Do you remember the days when the SUT was big news? (It was long enough ago that a reminder of what the acronym stands for -- Sport/Utility Truck -- may be appropriate.) There were the Hummer H2 SUT, the Chevrolet Avalanche/Cadillac Escalade EXT, and the Ford Explorer Sport Trac. It was a hot category, one that Honda joined for the 2006 model year. Since then a lot has changed with that category -- all but the Avalanche/Escalade are gone, and those may disappear in a year or two -- but not much has changed with the Ridgeline. That led to rumors that the unibody half-ton was also going the way of the rest of the SUT category.
However, not only does Honda not refer to this as an SUT (Honda calls it a pickup), it also says it has no intention of discontinuing the model. As Sage Marie, manager, Honda Truck Product Planning, said in a statement a few months ago, "In no uncertain terms, the reports in the media that we have plans to discontinue the Ridgeline pickup truck are false. To the contrary, Ridgeline has a significant role in the Honda lineup and it is expected to continue in the foreseeable future." Honda dealers like having a pickup to offer, and this one was created to be, really, the Honda of pickup trucks. That's great for Honda people who may be interested in towing on occasion or carrying muddy gear that may stain the carpet in a sport/utility vehicle, but falls short for hard-core truck people.
Another part of Marie's statement was the announcement of a new trim level of the Ridgeline, known as the Ridgeline Sport. There haven't been many changes to this truck since it first came out -- the most significant was when horsepower went from 247 to 250 and torque increased by two to 247 lb-ft -- so we were curious to see what was new about the truck.
In terms of price, the new trim level slots in just above the RT, but below the RTS, RTL, and RTL with Navigation. Ours, priced at $30,805, came with styling cues exclusive to the Sport, such as the black 18-inch wheels (base Ridgeline wheels are 17-inch and steel), black grille and surround, foglights, leather steering wheel with stereo controls, and an aux jack.
For those who like the Honda version of an SUT, this vehicle is still great. It does offer the same versatility that it's always had and a smaller package than something like the Tundra. But the Ridgeline hasn't changed all that much, and half-ton pickup trucks have passed it by. Trucks like the F-150 and Ram have both been significantly updated since the Ridgeline came out. Ride quality is not nearly as nice in the Honda as it is in the F-150, and the Honda's power, while certainly adequate, is less than that of even the F-150's base V-6 (302 horsepower, 278 lb-ft), and the 3.5-liter V-6 is backed by a five-speed automatic, not a six. The engine certainly offers respectable power, but it did struggle a bit on grades. At the track, the Sport reached 60 mph in 8 seconds flat. Oddly, that number is three-tenths of a second slower than the last time we tested the Ridgeline in 2009, and that truck weighed more than the 2012. The F-150 and the Ram 1500 now have a nicer ride than the Ridgeline, and more capability as well. There was also more cabin and wind noise than expected.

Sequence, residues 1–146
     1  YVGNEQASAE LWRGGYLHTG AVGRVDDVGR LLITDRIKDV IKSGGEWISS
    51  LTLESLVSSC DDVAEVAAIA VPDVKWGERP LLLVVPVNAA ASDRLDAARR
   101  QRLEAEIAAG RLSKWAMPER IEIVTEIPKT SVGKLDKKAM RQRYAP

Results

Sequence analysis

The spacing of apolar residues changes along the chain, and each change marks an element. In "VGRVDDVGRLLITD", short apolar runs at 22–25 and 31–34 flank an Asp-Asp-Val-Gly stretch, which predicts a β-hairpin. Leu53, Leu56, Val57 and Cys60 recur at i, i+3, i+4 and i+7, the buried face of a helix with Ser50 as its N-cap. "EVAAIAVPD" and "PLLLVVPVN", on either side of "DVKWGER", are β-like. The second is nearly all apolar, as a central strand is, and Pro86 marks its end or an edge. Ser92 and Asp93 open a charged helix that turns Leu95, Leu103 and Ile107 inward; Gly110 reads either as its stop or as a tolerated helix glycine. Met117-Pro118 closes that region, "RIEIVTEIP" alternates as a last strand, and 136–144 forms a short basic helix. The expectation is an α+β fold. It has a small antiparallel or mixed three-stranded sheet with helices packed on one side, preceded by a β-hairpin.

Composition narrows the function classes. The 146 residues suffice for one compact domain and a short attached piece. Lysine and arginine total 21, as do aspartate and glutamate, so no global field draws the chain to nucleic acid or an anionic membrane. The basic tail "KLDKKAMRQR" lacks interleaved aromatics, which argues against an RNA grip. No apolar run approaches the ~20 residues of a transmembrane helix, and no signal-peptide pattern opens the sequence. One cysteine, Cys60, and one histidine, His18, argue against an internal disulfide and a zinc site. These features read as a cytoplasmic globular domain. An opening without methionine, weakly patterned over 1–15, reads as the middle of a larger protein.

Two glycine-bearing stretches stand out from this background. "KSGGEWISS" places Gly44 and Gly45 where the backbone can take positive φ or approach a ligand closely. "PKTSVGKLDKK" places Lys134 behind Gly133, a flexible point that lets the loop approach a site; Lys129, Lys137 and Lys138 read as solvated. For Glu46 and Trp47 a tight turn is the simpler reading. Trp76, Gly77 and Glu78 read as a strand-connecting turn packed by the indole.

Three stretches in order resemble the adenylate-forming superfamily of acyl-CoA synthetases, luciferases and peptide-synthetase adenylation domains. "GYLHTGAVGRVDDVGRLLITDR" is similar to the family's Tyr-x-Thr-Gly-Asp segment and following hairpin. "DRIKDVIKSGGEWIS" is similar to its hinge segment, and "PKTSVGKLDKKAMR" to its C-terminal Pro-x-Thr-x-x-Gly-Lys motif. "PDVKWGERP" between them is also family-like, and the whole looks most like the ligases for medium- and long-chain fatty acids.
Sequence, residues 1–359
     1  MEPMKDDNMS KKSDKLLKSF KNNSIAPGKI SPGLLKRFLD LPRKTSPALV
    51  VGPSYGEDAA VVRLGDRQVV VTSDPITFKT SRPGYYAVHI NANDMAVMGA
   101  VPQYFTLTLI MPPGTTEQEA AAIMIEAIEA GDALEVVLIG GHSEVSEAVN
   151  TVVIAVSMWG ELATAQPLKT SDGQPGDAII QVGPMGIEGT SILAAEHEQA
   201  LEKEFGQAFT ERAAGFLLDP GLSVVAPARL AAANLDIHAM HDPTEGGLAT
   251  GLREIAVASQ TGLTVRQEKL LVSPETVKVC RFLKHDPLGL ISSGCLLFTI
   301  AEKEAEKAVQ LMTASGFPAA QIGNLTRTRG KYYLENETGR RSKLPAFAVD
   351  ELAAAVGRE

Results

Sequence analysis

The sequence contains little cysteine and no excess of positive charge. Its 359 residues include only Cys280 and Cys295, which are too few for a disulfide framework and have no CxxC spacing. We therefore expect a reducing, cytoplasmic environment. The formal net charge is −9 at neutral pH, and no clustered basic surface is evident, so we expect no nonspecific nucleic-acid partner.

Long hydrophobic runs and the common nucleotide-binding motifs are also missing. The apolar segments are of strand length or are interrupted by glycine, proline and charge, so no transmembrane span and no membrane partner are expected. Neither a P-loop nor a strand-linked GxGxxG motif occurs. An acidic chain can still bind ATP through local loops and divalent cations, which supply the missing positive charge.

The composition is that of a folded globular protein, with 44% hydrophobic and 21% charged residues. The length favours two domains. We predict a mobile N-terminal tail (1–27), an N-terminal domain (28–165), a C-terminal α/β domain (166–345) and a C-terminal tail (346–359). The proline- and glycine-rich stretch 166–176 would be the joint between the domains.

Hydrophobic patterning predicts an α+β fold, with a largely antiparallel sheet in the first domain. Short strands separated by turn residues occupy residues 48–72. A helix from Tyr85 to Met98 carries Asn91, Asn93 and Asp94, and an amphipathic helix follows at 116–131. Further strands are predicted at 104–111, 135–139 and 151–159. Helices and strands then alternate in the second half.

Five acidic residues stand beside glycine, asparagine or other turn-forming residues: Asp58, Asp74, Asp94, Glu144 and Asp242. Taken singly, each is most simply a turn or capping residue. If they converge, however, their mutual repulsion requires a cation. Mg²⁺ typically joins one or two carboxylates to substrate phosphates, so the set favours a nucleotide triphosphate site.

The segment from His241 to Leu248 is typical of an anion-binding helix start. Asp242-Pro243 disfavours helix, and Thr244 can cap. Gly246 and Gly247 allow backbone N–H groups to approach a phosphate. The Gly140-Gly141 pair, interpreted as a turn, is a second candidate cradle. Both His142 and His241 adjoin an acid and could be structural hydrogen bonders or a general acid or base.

Perhaps it makes more sense to look at this truck as a compact/midsize competitor. It isn't designed to tow more than 5000 pounds, has more horsepower and torque than the Tacoma V-6 (but is still slower than the Toyota by 0.6 second to 60), has similar dimensions to the Double Cab Tacoma, and, according to the EPA, gets comparable fuel economy. As trucks get bigger and the Ridgeline stays the same, it has slipped into the compact/midsize category. That's interesting, considering that when it first came out it was supposed to be an alternative to the F-150, Silverado, and Ram.
But the Ridgeline still offers what Honda buyers like: sport/utility interior and trucklike bed, in a well-executed package. The foundation is good, but it could use some tweaking. The styling is not universally liked, the engine could use more power, and it could definitely benefit from a six-speed automatic. One staffer who drove the Ridgeline said that getting into the interior was like stepping into a time machine. Controls, color schemes, and interior options could all benefit from a sprucing up. As long as the truck continues to exist, Honda has opportunities to modernize it.
|2012 Honda Ridgeline Sport |
|BASE PRICE ||$30,805 |
|PRICE AS TESTED || $30,805 |
|VEHICLE LAYOUT|| Front engine, 4WD, 5-pass, 4-door truck|
|ENGINE ||3.5L/250-hp/247-lb-ft DOHC 24-valve V-6 |
|TRANSMISSION ||5-speed automatic|
|CURB WEIGHT (F/R DIST)|| 4459 lb (58/42%)|
|WHEELBASE ||122.0 in|
|LENGTH x WIDTH x HEIGHT|| 206.9 x 77.8 x 70.3 in|
|0-60 MPH ||8.0 sec|
|QUARTER MILE|| 16.3 sec @ 85.3 mph|
|BRAKING, 60-0 MPH|| 128 ft|
|LATERAL ACCELERATION|| 0.77 g (avg)|
|MT FIGURE EIGHT|| 28.8 sec @ 0.58 g (avg)|
|EPA CITY/HWY FUEL ECON|| 15/21 mpg|
|ENERGY CONS, CITY/HWY|| 225/160 kW-hrs/100 mi|
|CO2 EMISSIONS|| 1.13 lb/mi|